There stands that person, the object of your desires. There’s chemistry between you, and you’re totally energized. Your heart begins to beat harder and faster, you are charged with energy, nothing and no one can stop you now. The cause of all these feelings is adrenaline, a stress hormone produced in the adrenal glands, which triggers a fight-or-flight response in us within a fraction of a second.

Adrenaline causes the bronchial tubes to expand so that we can breathe better; it causes the pupils to widen so that we can see better; it increases our breathing rate and our blood pressure; and from one second to the next, it causes a healthy heart to beat harder and faster — during sex up to a rate of 120 beats per minute. For our cardiovascular system, this is like a fitness machine inside our own body. Moreover, this stimulant increases our blood-sugar level, giving us more energy.

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sex and heart health, an injured hand giving the okay sign

Endorphin: The Painkiller

Endorphin could be described as the junkie among the hormones released during sex. Even its name makes this clear, being made up from the words ‘endogenous morphine’ (that is, morphine produced within our own body). Endorphin is well known to be an extremely effective painkiller. It inhibits the transmission of pain signals and helps us sleep better. Our bodies produce it in great quantities whenever we laugh, eat something delicious, or engage in strenuous physical exercise. And, of course, when we have sex. Which goes some way towards explaining why people — in particular, men — tend to drift happily off to sleep soon after the act is done.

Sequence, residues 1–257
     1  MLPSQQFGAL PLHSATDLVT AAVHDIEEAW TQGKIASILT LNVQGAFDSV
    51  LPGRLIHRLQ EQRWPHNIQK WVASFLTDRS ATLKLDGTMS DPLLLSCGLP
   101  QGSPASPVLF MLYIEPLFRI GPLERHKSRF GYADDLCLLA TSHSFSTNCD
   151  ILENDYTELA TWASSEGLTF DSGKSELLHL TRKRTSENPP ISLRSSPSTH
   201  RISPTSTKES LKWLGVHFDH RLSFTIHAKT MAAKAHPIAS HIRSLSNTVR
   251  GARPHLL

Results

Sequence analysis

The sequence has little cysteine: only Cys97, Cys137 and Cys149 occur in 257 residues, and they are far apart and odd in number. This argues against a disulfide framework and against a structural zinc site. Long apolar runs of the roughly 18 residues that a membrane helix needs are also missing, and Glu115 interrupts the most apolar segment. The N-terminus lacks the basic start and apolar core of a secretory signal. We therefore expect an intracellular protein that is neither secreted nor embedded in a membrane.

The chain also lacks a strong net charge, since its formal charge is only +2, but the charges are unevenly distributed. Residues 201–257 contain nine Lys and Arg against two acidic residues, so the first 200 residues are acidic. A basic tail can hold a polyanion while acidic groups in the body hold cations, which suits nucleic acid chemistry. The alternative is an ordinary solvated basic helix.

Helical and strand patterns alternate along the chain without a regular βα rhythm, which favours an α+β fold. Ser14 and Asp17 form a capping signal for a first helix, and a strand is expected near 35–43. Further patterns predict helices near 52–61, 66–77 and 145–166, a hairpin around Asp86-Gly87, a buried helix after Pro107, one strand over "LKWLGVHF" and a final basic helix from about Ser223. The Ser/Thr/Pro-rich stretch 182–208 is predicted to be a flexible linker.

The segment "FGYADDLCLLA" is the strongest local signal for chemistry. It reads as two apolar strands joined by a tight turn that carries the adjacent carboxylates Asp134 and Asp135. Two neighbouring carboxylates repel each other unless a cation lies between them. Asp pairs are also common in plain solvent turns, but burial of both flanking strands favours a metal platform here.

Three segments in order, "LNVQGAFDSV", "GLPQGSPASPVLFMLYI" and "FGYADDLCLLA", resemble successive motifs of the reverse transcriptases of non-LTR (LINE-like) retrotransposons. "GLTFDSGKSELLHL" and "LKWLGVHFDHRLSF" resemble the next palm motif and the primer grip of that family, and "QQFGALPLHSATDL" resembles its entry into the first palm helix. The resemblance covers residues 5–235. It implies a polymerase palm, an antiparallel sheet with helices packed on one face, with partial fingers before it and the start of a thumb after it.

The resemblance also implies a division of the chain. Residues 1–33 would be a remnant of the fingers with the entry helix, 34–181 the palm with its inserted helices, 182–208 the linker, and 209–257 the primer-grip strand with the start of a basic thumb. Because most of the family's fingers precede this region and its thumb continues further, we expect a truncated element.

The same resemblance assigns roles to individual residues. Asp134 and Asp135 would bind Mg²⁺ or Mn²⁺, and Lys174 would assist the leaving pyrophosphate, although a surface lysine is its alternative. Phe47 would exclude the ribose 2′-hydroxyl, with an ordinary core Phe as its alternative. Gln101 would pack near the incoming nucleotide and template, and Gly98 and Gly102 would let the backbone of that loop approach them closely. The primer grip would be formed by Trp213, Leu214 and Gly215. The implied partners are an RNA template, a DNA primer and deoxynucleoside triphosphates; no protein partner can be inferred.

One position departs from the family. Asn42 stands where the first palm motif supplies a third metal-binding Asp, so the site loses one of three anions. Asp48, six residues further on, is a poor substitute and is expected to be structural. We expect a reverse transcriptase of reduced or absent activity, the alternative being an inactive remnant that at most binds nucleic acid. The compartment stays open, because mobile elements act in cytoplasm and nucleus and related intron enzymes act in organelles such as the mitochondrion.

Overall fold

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sex and heart health, an image of a woman biting her lip and her sunglasses almost falling off

Serotonin: The Happy Hormone

Serotonin is the supreme happy hormone. It makes us feel pleasantly relaxed and content. It also bolsters our immune system, strengthening our body’s defenses against disease. When we are under the influence of serotonin, we feel peaceable and tend to see the world ‘through rose-tinted glasses’… Serotonin is also instrumental in producing the feelings of happiness associated with sex. And it helps wounds to heal by causing smaller blood vessels to contract, reducing blood loss. So being happy isn’t just positive in itself, it also makes us healthier. If that’s not a win-win situation, I don’t know what is!

Bedroom sport provides a great way to combine physical exertion with stress-reducing effects while protecting our bodies by means of the hormones that sexual intercourse releases inside us. This hormonal cocktail is even more effective if we actually love our sexual partner. For example, sex without genuine affection triggers far lower levels of oxytocin release. The best advice, then, is not only to have sex, but also to ‘make love’ in the truest sense of the phrase.

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sex and heart health, heart book cover

Well, what are you waiting for? Go to bed!

Excerpted from Heart: The Inside Story of Our Body’s Most Heroic Organ by Johannes Hinrich von Borstel, published June 2017 by Greystone Books. Reproduced and adapted with permission from the publisher. $20 at amazon.ca.